Substitution Ciphers

\( \newcommand{\R}{\mathbb{R}} \newcommand{\Q}{\mathbb{Q}} \newcommand{\Z}{\mathbb{Z}} \)

The second crypto session of CTF101 focused on symmetric encryption, and more specifically substitution ciphers.

stellar-caesar

The first challenge was a simple Caesar Cipher, as hinted by the name. The ciphertext is vy{vkliwlqj_olnh_wkh_dqflhqw_urpdqv} and just putting this in CyberChef with ROT13 shifted by -3 returns the flag: sv{shifting_like_the_ancient_romans}. The shift of -3 could be either computed by knowing that the flag begins with sv, or guessed, since it was the one supposedly used by Caesar, or even bruteforced easily.

trial-and-error

The second challenge was the python version of the Caesar Cipher: a single byte XOR. The idea here is to simply bruteforce all the possible keys, since there are only 256 possibilities to chose one byte, and then find a way to detect when the output is correct (checking by hand 256 possibilities is still doable, but automating it is much more helpful for the next challenge and way less boring). First of all, we need a function to xor a key against our plaintext. We can use the xor function from pwntools or write a simple helper function like this:

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def single_key_xor(data, k):
	out = bytes([x ^ k for x in data])
	return out

Here k is a number, which will simplify the next step. The simple way to check for correct output is to look for the presence of b'sv{' in the output.

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with open('out.xor', 'rb') as fh:
	data = fh.read()

for k in range(256):
	guess = single_key_xor(data, k)
	if b'sv{' in guess:
		print(guess)
		print(f'{k = }')

In the decrypted text, with k=105, we can find the flag: sv{t1m3s_4r3_ch4ng1ng}. Other strategies include checking that the most frequent characters in the output are either e or a whitespace, the two most common characters in written English, or checking that the whole output consists in ASCII characters. This is an example of the former, while we will see the latter in the next challenge:

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for k in range(256):
	guess = single_key_xor(data, k)

	e_count = guess.count(b'e')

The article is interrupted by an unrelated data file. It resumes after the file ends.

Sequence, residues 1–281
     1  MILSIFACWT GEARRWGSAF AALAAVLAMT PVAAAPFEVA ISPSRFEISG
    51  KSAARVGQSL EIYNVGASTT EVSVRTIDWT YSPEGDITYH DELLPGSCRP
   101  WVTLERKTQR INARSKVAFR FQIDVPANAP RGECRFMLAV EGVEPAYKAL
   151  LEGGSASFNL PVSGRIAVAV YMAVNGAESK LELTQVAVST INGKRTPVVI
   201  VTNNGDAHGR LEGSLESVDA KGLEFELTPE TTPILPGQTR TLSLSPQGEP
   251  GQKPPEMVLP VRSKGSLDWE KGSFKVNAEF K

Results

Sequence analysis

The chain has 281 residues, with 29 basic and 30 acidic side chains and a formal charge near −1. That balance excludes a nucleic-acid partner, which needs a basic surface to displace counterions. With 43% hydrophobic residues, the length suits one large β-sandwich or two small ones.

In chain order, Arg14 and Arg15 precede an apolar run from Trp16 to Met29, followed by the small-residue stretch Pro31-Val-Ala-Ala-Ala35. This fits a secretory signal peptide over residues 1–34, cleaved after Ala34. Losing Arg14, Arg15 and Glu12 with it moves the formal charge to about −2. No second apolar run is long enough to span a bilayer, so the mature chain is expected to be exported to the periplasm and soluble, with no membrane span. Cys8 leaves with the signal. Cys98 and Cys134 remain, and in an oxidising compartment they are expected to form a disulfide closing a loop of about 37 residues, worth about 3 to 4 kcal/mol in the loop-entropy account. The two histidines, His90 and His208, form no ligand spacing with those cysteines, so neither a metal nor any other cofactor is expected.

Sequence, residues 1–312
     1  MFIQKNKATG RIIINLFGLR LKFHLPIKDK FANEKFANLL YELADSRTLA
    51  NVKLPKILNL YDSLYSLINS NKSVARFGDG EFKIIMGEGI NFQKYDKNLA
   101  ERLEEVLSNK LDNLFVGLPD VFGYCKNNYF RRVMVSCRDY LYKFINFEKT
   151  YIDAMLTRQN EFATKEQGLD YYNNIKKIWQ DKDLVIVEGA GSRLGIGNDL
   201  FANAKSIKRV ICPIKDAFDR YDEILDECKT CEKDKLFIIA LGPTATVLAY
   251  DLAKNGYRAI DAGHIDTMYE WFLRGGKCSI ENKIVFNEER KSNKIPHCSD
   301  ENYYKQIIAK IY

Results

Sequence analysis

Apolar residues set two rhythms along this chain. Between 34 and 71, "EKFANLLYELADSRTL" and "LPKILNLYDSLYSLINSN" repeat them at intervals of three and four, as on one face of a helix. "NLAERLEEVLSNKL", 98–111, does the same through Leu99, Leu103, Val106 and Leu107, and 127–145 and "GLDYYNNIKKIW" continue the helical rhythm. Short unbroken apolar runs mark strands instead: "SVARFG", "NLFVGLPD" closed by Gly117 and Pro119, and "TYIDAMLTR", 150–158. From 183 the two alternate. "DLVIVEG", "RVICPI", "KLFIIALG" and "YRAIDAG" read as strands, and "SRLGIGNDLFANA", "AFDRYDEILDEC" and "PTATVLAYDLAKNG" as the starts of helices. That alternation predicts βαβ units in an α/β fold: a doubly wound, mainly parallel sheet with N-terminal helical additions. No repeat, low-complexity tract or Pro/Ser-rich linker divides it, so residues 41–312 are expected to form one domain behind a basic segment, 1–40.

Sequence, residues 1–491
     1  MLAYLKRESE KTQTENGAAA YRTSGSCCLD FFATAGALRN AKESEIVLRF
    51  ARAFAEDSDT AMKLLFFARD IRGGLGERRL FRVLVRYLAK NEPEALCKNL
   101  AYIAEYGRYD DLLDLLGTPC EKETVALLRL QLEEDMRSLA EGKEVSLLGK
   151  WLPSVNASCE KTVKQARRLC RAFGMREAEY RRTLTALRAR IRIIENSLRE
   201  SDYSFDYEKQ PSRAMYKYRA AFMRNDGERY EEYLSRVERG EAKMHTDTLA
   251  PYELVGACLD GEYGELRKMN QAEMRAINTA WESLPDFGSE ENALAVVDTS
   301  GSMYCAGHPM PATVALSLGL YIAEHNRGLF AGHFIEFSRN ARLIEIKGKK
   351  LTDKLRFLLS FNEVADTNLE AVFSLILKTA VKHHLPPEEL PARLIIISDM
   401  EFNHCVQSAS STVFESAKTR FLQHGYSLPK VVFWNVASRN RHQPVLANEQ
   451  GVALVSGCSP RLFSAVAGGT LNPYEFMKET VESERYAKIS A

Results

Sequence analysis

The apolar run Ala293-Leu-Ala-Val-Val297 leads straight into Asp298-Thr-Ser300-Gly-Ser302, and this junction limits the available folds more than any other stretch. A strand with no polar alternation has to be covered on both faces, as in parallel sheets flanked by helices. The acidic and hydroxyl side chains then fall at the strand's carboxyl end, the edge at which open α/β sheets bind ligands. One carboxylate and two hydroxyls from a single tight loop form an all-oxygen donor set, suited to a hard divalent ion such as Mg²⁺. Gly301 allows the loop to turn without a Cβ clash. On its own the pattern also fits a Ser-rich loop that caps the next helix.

space_count = guess.count(b' ')

	max_count = max([ guess.count(bytes([i])) for i in range(256) ])

	if e_count == max_count or space_count == max_count:
		print(f'{k = }')
		print(f'{guess = }')

pygenere

Once again the name tells us a lot about the challenge: we face a Vigenere Cipher in its python version, i.e. a multi-key xor. Unlike the previous exercise, we cannot bruteforce the keys: the number of possible keys of length \(s\) is \(256^s\), so we cannot hope to go much further than maybe 3 characters. We need to come up with a smarter method. There are three main things to observe:

  • if we knew the key length, we did not have to bruteforce all the possible keys, but we could build the key character by character. Let say the length is three: then the first byte of the plaintext is xored with the first byte of the key, the second with the second, the third with the third, but then the fourth with the first and so on. So if we split the ciphertext in three groups, each one that got xored against a different byte of the key, we have three parallel instances of single key xor that we can target. This drastically reduces the bruteforce cost from \(256^3\) to \(3 \times 256\), which is very feasible;
  • what we lose with this approach is the adjacence of the characters: we cannot hope to find the flag in any of the groups, since if s goes in the first group, v goes in the second and { in the third one; however, the frequency of the characters will stay more or less unchanged, and hence we can still look for e and whitespace as the most frequent characters or rule out keys that produce non ASCII characters;